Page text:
Healthy Mind

Don’t sweat nervousness

nervous-man-sweating
Written by Healthy Living

5 tips to prevent nervous sweating from ruining a big event. 

Story: Billy Thompson

A big event or presentation is an impactful moment in many people’s lives. Their performance in front of the executive team could mean a new promotion. Or maybe they’re toasting the bride and groom and want to make a lasting impact with their kind words or encouragement. And a “big event” can be a first date or meeting the in-laws for the first time. No matter the occasion, there’s something that can derail even the best-prepared speech or first impression: excessive underarm sweat. Giant sweat rings are a distraction that can take away from your performance and adjust how people think about you.

Thankfully, you can take steps to reduce sweat and turn your big event into a monumental success.

Pick the right clothing and material

If you’re naturally a heavy sweater and get nervous during a big event, then you have to bring in some high-tech help: not a mobile app, but a scientifically designed style of undershirt that actively prevents sweat rings. There are T-shirts specifically designed to withstand the toughest sweat.

Visualize success

Picturing yourself at the big event is a great way to reduce your stress levels and your chances of over-sweating. One key is to make your “practice run” as vivid as possible. If you do this a few times, then your brain will come to think of it as an actual memory. So, when the big date or board presentation arrives, you’ll be more prepared because it won’t seem so “new” to your mind. It’s important to not only visualize the big event but also picture it reaching a successful conclusion. 

Watch what you drink

Be careful about what you put into your body to help control sweating. Coffee and tea are both diuretics which not only increase your urge to urinate, but also your amount of sweat. If you drink them hot, then it’s a “double whammy” because your temperature also will go up, as well as the amount of your sweat. Drink ice water instead to provide you with the right amount of hydration and to cool down your core.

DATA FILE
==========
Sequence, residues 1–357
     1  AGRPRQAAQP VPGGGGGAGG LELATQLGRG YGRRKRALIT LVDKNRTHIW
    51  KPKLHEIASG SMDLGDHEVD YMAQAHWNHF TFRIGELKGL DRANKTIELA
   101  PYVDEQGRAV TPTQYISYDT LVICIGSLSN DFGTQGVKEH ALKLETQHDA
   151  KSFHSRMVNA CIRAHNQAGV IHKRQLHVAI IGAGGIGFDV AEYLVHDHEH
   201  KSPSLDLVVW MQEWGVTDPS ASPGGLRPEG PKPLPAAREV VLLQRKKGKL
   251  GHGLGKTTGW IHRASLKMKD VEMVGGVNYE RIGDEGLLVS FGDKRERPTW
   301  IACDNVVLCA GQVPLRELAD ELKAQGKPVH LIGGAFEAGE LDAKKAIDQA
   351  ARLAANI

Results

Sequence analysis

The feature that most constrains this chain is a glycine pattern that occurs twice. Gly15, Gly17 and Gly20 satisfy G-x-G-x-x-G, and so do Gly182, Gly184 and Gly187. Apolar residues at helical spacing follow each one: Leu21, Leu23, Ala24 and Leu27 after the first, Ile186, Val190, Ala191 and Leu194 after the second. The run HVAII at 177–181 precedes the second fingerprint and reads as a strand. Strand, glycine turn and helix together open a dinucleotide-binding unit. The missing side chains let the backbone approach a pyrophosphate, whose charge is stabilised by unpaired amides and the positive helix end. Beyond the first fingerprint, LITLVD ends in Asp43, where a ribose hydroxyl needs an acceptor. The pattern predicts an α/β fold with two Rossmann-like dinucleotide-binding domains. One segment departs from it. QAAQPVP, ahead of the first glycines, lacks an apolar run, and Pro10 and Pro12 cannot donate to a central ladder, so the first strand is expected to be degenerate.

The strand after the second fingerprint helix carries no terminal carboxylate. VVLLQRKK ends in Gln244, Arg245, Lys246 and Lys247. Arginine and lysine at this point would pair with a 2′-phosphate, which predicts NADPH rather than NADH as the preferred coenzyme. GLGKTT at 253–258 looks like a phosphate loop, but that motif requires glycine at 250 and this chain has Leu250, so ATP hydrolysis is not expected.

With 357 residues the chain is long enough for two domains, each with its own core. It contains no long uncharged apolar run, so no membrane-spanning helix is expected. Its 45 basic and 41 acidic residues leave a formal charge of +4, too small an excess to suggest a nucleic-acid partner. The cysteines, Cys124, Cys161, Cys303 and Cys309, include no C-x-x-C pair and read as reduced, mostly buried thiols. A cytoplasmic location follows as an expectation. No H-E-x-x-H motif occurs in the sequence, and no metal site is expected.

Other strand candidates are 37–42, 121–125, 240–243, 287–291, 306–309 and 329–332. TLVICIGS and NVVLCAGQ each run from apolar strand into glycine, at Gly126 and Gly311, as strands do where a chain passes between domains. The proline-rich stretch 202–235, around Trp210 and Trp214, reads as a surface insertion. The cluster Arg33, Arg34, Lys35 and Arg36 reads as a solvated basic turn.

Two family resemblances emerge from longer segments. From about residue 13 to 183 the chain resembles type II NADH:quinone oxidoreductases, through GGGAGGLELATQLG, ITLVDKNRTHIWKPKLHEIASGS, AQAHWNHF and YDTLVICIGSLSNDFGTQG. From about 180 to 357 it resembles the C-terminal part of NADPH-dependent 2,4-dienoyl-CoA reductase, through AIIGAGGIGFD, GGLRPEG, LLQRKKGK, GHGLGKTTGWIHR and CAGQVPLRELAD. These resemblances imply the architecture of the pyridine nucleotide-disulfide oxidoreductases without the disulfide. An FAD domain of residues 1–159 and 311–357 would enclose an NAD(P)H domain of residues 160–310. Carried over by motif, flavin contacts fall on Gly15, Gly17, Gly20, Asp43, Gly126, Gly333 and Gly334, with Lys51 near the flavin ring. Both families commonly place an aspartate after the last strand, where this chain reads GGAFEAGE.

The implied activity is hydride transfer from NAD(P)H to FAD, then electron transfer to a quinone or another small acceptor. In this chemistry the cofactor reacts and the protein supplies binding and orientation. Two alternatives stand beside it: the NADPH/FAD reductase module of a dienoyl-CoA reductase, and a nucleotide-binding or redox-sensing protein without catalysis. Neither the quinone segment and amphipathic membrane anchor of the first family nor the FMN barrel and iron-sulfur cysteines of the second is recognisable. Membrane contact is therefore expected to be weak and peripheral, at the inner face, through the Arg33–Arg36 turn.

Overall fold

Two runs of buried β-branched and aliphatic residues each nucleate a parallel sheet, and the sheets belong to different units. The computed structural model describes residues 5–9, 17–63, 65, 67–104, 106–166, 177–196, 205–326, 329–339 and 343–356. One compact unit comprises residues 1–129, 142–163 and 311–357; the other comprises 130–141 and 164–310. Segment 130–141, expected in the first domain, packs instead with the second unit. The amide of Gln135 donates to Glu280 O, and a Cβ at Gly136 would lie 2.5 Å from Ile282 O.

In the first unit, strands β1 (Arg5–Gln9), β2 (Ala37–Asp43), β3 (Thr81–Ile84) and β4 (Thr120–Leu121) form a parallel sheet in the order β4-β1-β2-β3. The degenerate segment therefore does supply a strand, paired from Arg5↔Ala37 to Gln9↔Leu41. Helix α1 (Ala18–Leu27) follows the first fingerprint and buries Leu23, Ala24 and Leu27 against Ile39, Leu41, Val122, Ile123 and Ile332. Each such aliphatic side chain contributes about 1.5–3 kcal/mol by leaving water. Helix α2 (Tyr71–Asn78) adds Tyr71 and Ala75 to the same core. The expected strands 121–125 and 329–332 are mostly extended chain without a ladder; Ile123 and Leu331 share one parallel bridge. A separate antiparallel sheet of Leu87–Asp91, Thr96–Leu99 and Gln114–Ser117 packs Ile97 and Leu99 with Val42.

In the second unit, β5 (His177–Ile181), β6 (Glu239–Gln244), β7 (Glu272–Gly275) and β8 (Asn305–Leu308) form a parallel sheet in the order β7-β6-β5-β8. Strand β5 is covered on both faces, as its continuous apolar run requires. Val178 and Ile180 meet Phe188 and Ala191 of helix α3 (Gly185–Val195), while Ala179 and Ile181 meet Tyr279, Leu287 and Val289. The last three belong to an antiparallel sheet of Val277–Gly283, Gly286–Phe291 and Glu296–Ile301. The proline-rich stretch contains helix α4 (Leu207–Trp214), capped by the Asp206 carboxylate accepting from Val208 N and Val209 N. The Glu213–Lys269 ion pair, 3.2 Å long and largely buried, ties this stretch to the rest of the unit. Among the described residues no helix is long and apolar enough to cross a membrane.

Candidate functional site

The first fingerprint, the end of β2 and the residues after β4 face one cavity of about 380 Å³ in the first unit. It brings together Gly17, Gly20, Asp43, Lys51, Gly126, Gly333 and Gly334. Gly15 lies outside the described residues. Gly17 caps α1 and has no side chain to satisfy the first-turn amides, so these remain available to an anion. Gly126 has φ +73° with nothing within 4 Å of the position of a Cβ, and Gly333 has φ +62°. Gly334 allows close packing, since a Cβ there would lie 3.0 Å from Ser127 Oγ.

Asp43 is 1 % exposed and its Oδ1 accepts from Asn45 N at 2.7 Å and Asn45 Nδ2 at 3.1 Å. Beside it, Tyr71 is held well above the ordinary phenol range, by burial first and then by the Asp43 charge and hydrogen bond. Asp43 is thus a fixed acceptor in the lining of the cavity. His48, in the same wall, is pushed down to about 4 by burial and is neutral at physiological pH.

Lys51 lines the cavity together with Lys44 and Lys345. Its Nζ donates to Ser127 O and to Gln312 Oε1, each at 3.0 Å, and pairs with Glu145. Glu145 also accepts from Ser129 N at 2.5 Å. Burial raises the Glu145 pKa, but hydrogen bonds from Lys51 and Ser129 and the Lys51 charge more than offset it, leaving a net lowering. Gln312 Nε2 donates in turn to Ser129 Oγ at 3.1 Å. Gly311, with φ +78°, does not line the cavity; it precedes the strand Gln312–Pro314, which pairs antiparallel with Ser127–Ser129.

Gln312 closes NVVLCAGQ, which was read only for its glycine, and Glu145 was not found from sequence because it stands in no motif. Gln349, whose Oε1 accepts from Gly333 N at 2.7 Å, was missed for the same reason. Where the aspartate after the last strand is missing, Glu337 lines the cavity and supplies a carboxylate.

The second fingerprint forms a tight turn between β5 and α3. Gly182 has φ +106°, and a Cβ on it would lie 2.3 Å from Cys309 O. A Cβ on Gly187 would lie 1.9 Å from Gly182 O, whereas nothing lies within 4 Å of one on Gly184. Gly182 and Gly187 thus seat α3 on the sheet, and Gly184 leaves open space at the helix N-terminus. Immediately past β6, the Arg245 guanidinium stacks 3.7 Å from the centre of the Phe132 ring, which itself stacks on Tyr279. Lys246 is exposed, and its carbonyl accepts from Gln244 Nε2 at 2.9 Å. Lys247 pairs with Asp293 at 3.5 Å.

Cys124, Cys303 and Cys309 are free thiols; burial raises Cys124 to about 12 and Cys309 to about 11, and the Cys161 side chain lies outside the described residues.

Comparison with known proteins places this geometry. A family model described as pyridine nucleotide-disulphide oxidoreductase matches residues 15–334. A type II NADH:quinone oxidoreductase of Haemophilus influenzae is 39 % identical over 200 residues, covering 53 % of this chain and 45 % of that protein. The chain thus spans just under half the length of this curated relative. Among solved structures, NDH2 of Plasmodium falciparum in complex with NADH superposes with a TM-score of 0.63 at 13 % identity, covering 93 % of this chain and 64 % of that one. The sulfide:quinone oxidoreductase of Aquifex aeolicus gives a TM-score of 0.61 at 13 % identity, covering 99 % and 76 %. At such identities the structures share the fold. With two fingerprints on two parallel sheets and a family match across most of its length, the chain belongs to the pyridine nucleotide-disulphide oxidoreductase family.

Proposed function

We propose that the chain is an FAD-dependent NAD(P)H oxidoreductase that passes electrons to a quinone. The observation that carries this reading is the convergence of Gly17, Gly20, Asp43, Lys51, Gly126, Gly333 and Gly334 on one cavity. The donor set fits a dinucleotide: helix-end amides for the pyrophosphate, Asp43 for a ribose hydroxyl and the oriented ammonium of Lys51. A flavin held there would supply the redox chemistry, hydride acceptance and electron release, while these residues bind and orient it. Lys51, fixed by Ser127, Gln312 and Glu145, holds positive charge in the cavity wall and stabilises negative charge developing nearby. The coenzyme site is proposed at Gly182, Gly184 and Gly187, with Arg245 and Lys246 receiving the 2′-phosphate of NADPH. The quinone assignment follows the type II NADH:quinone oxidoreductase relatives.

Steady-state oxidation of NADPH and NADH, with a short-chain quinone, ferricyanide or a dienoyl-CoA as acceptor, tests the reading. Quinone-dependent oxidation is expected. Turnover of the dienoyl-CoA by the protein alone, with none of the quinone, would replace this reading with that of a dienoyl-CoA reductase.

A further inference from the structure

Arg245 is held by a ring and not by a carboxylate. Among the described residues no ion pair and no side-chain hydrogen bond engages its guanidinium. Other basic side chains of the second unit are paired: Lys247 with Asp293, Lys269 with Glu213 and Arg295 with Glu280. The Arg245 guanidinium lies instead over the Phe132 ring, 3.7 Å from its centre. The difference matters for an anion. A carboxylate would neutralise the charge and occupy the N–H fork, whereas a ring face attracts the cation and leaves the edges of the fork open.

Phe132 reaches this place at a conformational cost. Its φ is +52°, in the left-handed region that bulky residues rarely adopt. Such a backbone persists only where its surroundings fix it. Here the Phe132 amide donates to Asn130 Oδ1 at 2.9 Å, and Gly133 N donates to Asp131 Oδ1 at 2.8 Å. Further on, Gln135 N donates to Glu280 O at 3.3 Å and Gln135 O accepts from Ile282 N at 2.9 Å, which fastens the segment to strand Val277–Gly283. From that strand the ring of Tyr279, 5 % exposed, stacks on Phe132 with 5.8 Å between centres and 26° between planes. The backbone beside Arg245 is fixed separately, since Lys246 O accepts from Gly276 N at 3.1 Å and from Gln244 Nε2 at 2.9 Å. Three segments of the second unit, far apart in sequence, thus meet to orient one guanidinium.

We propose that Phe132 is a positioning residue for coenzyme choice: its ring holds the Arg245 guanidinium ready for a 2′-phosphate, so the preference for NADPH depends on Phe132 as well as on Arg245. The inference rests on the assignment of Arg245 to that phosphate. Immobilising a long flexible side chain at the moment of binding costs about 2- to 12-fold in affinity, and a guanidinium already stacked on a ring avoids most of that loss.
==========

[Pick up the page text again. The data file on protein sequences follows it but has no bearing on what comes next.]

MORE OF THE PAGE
It’s also a good idea to avoid alcohol before the event. You might want a drink to “loosen up,” but remember that alcohol affects the nervous system by increasing your heart rate and widening blood vessels. The result can be increased perspiration, especially if your event comes after a night of heavy consumption.

Manage your anxiety

Anxiety can directly cause sweating and, unfortunately, result in a “feedback loop.” You’re anxious and sweating, and then notice sweat rings appearing. This causes more anxiety, which then results in more sweating, and thus a cycle is born. Break this pattern by actively managing your anxiety through deep-breathing exercises. If you take medication for anxiety, then be sure you aren’t skipping any dosages ahead of your big event. Stay on your normal schedule and you’re much more likely to navigate your event without excessive worry. And remember that sweating from anxiety or an underlying medical condition is very common and nothing to be ashamed of.

Relax your mind

In addition to visualization, you should also put yourself in a relaxed mental and physical state before the event. Say you are meeting your in-laws for the first time at a restaurant. Get there early so you aren’t rushing. Avoid stressors that will make you sweat. If you’re making a presentation at a hotel conference, listen to soothing music in your earbuds and do some yoga breaths before going on stage. Set yourself up for success by planning your day and removing any obstacles. 

Fair or not, excessive nervous sweating that seeps through your shirt impacts how you are perceived. If you’re talking to sales clients, then they might think you’re untrustworthy. That first date might sense you are uncomfortable and nervous and lack the confidence they’re looking for in a long-term partner. Conquer your fears and make a great impression by watching your diet, visualizing success, and picking the right clothing that keeps nervous sweating at bay.


About the writer Billy Thompson, a sufferer of hyperhidrosis, started Thompson Tee after spending more than 10 years developing a lightweight, breathable, comfortable, and integrated underarm barrier to absorb sweat and withstand the toughest “sweat events.” Visit thompsontee.com

About the author

Healthy Living

Healthy Living is unique in a sea of health magazines that only present information on nutrition and exercise. Published by Akers Media Group, Healthy Living goes much farther by focusing on the four pillars of a true wellness — physical, mental, spiritual and financial health.

Healthy Living promotes a healthy, well-balanced lifestyle with easy-to-read features, try-it-at-home exercise programs, and expert advice from financial planners, mental health professionals, and a variety of other leaders in their respective fields.

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